The fortress would have stood on the boundary between the Welsh Lordship of Senghyndd and the English Lordship of Glamorgan in the 13th century. The design of the tower walls and the presence of support columns hinted at a spiral staircase rising from the first level, which was unusual for a Welsh castle site. The carved stones used for gateways and windows showed that this was an English castle.

A 2009 research undertaken by Brain Davies of the Gelligaer Historical Society, on the other hand, suggests that the castle’s keep and simple entry are both characteristics of a Welsh castle. His study also indicates that the castle was once burned down, following which fresh works on the site began.

The fortress was most likely abandoned after 1271, as it had little strategic relevance among connected lords who had emerged from a civil war between 1264 and 1267. Since its discovery, it has been a source of contention as to who precisely built and held this property. Regardless, the remains of Morgraig Castle are now recognized and conserved as a nationally significant historic monument.

Barnes Castle, Scotland

Barnes Castle, East Lothian, Scotland  photo credit Calum McRoberts CC BY-SA 2.0

The scattered ruins of the Barnes Castle may be seen on the slope of the Garleton Hills, just a few kilometers from Haddington and near to Athelstanefored in East Lothian, Scotland. The Barney Vaults are another name for this location.

During the 16th century, Sir John Seton of Barnes was a prominent Scottish diplomat, courtier, and judge. He came to Spain at an early age and worked at the court of Phillip II of Spain, who appointed him Knight of the Military Order of Santiago and head of the household. When he returned home, he was appointed as the manager of James VI of Scotland’s stable and also served as an envoy. In 1588, he also chose the title Lord Barns, an exceptional lord of session in Scotland’s Court of Session.

Barnes finally began construction on his castle, beginning with the entry gate in the southwest well. The structure was remarkably contemporary and symmetrical for its period, but following his death in 1594, the site remained abandoned.

Kellie’s Castle, Malaysia

Kellie’s Castle was built in 1915 at Batu Gajah, Kinta District, Perak, Malaysia.

The incomplete palace was started by William Kellie Smith, a Scottish landowner who came to Malaysia (then Malaya) in 1900 to work as a civil engineer.

Kellie’s Castle, located near Batu Gajah, in Perak, Malaysia photo credit Kulshrax CC BY 3.0

William’s circumstances improved in a matter of years, and he chose to stay in the Asian country. In 1903, he was joined by his love, Agnes, a Scottish woman, and the pair started a family. By 1909, Smith had completed his first home, known as the “Kellas House,” which was so unusual that it made headlines. The couple already had an 11-year-old daughter when they had a boy in 1915. It was during this time that William began designing a massive castle combining Scottish, Moorish, and Tamilvanan Indian architecture, mostly as a present for his wife or a home for his newborn son.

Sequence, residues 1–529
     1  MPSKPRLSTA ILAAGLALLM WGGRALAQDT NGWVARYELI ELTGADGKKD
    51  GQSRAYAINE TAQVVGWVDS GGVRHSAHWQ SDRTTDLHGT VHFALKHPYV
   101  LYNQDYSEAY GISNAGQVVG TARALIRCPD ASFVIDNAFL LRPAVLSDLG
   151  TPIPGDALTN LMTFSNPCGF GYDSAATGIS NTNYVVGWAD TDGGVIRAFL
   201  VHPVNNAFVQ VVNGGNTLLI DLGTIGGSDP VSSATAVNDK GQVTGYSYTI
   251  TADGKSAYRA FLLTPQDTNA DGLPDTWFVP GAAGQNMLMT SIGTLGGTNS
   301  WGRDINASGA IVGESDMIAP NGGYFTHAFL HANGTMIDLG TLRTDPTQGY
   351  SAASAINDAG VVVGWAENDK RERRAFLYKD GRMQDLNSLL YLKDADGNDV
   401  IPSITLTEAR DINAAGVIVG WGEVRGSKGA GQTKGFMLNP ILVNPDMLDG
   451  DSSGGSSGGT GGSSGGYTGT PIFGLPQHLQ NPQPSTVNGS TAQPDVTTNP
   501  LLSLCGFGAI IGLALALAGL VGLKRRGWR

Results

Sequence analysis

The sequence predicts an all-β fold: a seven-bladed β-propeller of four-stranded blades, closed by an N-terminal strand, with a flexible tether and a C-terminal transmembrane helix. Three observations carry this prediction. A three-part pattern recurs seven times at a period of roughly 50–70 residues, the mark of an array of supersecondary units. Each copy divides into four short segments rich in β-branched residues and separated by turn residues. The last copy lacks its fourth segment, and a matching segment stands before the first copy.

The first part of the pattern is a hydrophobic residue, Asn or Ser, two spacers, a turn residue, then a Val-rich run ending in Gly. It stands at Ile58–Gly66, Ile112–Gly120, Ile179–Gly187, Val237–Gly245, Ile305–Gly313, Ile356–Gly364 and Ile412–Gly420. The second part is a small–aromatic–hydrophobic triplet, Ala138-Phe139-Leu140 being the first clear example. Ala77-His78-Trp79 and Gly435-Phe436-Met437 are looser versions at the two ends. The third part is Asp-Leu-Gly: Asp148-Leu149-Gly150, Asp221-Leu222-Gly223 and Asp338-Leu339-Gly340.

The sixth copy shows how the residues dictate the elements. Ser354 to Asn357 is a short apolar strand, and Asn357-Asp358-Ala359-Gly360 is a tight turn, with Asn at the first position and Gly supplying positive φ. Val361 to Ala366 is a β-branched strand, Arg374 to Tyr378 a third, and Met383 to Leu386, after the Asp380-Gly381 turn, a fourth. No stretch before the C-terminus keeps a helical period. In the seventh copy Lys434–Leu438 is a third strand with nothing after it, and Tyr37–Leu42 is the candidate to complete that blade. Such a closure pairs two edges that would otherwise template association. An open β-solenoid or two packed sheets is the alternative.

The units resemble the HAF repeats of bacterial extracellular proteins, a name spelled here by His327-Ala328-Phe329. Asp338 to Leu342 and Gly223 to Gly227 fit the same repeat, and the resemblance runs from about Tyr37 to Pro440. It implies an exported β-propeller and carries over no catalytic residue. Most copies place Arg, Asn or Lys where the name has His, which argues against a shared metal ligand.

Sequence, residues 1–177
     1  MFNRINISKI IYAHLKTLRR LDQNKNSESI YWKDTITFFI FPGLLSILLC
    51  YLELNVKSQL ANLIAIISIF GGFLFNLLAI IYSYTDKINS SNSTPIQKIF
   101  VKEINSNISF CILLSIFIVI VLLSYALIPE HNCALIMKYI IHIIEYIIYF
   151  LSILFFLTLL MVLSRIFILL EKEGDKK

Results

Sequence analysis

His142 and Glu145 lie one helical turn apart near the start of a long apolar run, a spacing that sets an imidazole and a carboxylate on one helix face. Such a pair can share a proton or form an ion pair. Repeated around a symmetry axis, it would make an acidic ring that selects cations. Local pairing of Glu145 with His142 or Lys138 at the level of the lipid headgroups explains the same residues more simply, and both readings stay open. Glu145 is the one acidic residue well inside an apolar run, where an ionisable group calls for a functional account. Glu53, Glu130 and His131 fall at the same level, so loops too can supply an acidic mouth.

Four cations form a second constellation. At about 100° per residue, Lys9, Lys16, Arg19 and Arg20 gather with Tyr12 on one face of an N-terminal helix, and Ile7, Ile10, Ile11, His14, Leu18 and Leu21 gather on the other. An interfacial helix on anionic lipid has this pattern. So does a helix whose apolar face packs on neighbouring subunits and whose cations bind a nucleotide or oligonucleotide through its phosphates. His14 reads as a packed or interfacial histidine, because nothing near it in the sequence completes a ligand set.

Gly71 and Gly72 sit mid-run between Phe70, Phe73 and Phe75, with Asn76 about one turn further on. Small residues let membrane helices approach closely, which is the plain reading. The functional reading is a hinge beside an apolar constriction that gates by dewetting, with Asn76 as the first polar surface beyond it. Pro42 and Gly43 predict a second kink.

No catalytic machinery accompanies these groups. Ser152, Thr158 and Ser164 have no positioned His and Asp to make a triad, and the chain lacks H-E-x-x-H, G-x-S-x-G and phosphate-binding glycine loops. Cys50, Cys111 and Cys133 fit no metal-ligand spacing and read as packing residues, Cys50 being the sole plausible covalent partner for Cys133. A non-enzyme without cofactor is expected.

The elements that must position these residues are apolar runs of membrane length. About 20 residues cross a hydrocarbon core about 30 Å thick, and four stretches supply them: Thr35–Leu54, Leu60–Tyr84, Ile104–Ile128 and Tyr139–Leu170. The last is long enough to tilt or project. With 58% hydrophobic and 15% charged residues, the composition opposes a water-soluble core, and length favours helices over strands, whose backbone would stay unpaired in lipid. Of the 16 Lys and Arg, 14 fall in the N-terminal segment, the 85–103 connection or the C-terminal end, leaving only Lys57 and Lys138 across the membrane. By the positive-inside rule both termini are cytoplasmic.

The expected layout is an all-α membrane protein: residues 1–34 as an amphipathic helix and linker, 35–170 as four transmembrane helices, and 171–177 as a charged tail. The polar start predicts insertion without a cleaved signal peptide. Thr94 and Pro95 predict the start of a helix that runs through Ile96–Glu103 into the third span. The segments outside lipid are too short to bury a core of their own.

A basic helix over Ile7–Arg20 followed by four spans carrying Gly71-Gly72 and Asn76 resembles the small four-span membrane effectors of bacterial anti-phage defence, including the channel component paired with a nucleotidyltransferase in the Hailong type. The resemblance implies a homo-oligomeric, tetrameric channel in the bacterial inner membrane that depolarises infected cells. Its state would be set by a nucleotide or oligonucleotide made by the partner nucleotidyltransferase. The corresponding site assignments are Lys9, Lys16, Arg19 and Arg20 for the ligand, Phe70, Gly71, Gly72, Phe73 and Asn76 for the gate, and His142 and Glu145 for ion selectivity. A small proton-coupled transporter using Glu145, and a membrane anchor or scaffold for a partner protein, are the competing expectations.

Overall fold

Smith brought in 70 Tamilvanan craftsmen and imported marble and bricks from India to complete the project, which was massive. The concept was for a 6-story tower, as well as Malay’s first elevator, a tennis court, and a rooftop entertainment plaza. Spanish Flu attacked the workers during the castle’s construction, and they contacted him at one point to seek the construction of a nearby temple. Smith was gracious and agreed to their request. In exchange, the laborers constructed a statue of him with the other deities on the temple wall. According to legend, a tunnel was created to connect the temple to the castle.

Unfortunately, William Kellie Smith died of pneumonia during a brief visit to Portugal in 1926. His bereaved wife chose to return to Scotland. Construction of the castle, which had not yet been completed, came to a halt. The estate was soon sold to a British corporation. Today, Kellie’s Castle is a popular tourist attraction, with some claiming it is haunted.

Drochil Castle, Scotland

Traveling back in time to Scotland, we can see the Drochil Castle, which belonged to James Douglas 4th Earl of Morton. He was the last of the four Regents of Scotland during Monarch James VI’s minority and began construction on his castle only three years before he was killed by the king. The castle remained unfinished until his death.

When the Earl retired, he planned to live at the castle. The property, which consists of four floors and a garret, is of particular importance due to its “double-tenement” architecture. It features a large central corridor that runs from end to end on each floor. Apartment buildings open on both sides of the corridors, and a large hall on the first floor is 15.2 by 6.7 meters in size.

The ruins of Drochil Castle, located south of West Linton, Scotland  photo credit Paul Hermans 
CC BY-SA 3.0

The castle towers feature gun loops strategically placed to prevent adversaries from entering the castle’s defenses. The outside walls are made of Whetstone rubble and are clad in red sandstone.